Plastic: chicken or egg of the waste cycle – That’s the topic Prof. Bert Weckhuysen (chair, UU), Jaap den Doelder ( TU/e), Ina Vollmer (UU) and Lonneke Slenders (Ioniqa) will discussed during the MCEC Focus Session at CHAINS 2020. On this occasion, we asked Ina Vollmer about her views on this matter.
How could we deal with plastic waste?
I think that the plastic waste problem can only be solved in a concerted effort. It is crucial to attack it from many different directions, addressing every link in the value chain and making sure those links work together.
What challenges do you see in the value chain?
On a consumer level, new concepts for reuse like refilling stations for shampoo bottles or bulk stores have to be found.
Of course, plastic sorting methodologies also have to be improved. Mechanical recycling or melting and re-extrusion need to be improved as well and used as much as possible. But at the moment mechanical recycling usually yields a lower quality product (chemical-recycling.nl). Therefore, chemical recycling can address a wider variety of plastic waste streams and yield various different, more pure products (review article).
Here I see these major challenges:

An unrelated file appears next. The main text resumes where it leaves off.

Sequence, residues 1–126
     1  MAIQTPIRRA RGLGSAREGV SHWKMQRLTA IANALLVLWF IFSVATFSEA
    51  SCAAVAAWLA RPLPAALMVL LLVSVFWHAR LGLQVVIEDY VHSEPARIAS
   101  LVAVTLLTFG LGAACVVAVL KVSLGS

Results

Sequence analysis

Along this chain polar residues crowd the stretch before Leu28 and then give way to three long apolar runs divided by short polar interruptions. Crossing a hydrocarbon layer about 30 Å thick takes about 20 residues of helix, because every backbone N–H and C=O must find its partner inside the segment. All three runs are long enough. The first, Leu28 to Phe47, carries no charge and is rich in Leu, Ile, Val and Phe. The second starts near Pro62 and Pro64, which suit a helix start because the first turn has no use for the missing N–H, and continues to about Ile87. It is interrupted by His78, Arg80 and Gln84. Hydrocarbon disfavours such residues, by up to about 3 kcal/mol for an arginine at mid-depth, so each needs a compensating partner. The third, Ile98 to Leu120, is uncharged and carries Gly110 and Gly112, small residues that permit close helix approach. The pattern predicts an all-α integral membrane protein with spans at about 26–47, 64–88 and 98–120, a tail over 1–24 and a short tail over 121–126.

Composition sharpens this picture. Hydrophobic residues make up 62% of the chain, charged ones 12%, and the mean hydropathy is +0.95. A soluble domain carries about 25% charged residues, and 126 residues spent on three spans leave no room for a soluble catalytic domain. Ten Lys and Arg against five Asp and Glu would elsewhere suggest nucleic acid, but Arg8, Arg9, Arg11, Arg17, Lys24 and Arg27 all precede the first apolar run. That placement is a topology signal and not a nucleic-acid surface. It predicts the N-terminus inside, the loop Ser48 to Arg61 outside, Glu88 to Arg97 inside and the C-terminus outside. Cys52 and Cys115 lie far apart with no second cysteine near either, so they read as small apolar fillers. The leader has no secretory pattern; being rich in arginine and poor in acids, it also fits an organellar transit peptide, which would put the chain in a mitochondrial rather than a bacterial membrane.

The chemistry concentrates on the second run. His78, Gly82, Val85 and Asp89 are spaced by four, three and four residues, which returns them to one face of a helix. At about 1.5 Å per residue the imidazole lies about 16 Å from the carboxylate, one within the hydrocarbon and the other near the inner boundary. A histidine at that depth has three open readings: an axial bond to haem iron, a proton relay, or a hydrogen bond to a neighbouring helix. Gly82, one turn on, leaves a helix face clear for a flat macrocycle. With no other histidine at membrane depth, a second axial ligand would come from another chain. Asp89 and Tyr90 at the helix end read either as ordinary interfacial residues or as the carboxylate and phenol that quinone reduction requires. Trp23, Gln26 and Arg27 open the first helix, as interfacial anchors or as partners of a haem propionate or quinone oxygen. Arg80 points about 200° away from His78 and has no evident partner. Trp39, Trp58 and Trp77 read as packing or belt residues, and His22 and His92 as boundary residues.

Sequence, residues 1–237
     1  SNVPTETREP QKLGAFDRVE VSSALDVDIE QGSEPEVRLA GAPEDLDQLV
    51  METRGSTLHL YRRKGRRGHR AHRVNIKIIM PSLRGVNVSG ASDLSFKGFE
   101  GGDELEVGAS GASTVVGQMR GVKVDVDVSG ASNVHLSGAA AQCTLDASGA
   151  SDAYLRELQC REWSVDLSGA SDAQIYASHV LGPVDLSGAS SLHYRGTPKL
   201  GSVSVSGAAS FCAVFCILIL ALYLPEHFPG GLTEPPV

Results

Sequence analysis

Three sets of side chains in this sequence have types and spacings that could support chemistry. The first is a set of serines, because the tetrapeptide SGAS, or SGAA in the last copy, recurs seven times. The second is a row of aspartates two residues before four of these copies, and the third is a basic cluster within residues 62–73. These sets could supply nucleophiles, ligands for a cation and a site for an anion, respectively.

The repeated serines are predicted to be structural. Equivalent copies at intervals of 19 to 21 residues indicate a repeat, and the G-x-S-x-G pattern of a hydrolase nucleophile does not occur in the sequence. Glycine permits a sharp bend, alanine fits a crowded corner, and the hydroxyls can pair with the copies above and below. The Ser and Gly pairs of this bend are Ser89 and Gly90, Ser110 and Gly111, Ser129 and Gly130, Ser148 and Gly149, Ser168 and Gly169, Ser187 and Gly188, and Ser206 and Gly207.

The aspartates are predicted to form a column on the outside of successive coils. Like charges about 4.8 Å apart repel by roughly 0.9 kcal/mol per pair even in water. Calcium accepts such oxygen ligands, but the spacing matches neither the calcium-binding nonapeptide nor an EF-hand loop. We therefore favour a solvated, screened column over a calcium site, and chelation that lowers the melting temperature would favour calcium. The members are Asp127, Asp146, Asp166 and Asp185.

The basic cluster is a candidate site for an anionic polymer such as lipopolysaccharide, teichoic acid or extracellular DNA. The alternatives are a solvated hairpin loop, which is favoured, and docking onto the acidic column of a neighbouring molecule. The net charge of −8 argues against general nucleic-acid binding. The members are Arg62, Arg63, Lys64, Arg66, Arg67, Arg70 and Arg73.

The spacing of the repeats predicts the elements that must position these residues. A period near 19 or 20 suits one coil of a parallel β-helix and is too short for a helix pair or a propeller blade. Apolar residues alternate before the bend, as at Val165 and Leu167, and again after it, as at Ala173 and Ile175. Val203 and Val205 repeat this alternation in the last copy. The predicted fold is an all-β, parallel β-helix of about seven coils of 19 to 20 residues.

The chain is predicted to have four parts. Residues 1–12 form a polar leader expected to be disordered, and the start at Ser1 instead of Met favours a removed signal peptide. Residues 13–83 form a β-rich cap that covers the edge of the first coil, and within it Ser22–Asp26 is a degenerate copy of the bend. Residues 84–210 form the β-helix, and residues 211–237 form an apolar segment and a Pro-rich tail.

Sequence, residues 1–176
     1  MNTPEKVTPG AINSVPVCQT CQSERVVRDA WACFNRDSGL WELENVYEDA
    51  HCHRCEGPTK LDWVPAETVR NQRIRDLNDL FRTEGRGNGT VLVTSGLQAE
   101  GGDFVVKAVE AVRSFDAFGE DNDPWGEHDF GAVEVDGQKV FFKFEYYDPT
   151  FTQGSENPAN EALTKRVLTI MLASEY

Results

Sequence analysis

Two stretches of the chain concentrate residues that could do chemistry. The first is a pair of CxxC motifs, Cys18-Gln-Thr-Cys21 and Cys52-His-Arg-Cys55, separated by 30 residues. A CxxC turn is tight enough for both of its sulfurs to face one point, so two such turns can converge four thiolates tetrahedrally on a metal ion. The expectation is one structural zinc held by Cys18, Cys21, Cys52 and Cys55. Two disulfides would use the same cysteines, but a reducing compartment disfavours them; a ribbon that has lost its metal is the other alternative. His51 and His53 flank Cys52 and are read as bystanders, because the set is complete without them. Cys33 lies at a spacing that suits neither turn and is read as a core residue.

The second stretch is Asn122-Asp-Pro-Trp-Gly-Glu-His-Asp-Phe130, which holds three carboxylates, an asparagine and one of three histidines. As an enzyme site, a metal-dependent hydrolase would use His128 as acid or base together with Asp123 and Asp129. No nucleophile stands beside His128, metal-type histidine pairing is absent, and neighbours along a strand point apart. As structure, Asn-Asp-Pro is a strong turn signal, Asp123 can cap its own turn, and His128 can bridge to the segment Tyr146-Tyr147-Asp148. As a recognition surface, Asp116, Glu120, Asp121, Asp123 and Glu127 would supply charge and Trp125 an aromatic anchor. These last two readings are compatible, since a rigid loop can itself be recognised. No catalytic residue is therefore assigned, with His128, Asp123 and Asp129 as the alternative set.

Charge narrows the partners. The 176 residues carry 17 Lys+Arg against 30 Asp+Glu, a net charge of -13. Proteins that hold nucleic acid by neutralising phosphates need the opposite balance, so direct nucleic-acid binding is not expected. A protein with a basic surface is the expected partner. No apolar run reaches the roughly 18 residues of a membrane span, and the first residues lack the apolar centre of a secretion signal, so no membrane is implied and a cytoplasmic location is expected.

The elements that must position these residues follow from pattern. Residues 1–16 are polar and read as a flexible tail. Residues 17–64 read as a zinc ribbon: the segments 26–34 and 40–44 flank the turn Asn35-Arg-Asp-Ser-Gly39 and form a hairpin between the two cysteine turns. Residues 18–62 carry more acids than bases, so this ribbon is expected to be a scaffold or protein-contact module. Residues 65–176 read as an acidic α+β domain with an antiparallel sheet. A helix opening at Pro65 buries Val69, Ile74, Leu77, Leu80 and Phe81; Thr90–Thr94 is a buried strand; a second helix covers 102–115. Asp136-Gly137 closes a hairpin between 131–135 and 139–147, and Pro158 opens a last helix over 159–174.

- Catalyst development to obtain desired molecules with higher selectivity
- Dealing with waste consisting of more than one polymer or that contains contamination like food waste
- Removing polymer additives
- Lowering energy demands of these recycling technologies
However, these advances should go hand-in-hand with developments in other fields like the design of new monomers and corresponding polymers that can more easily be depolymerized back to monomers. In addition, the development of additives that are more easy to remove and recover would be beneficial.
What is your research about?
We are mainly working on point 1 and are focusing on polymers with a high production volume, mainly polyolefins. Polyolefins make up almost 50% of our plastic demand in Europe. The chemical bonds in polyolefins are harder to break than the bonds of other polymers, like polyesters or polystyrene and therefore energy requirements are high. In addition, selectivity to desired products is hard to achieve.
We want to produce interesting feedstock for the refining industry like BTX and monomers (ethylene, propylene) but we also want to find ways to make value-added molecules.
We are quite at the start of all of it, which is very exciting. Having worked on it for about a year and a half, we are currently understanding the mechanism of catalytic breakdown of plastics. Especially, when using ECAT. This so-called equilibrium catalyst is very interesting to use as it is itself a waste catalyst from the refinery and seems to work even better than the fresh catalyst when it comes to plastics.
Do you think we will see a solution in our lifetime?
I can feel that things are starting to stir with commitments from big companies to work on it, new companies founded and more funding available. In the end, however, it will all come down to proper lawmaking. Recycled plastics need to become economically competitive and this will only happen if the environmental costs of plastic production from crude oil are incorporated in the price. This could for example be achieved with a tax on greenhouse gas emissions.
Source: website MCEC